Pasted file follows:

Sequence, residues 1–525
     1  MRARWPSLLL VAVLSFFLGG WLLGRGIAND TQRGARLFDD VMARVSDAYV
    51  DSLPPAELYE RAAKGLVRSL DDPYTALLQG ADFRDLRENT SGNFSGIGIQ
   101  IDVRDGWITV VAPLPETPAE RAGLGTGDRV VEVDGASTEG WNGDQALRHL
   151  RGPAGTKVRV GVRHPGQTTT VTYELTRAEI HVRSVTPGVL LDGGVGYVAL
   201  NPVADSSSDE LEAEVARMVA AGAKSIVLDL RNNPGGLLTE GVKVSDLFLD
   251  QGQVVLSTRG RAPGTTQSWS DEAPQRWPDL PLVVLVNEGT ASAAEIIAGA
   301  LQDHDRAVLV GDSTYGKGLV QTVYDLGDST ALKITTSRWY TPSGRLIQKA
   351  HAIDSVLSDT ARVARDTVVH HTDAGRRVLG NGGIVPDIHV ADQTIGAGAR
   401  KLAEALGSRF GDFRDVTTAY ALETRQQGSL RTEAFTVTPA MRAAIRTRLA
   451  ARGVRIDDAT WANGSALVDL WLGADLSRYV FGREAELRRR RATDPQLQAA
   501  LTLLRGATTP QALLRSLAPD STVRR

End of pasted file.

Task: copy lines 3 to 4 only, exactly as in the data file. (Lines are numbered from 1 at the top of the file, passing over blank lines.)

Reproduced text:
    51  DSLPPAELYE RAAKGLVRSL DDPYTALLQG ADFRDLRENT SGNFSGIGIQ
   101  IDVRDGWITV VAPLPETPAE RAGLGTGDRV VEVDGASTEG WNGDQALRHL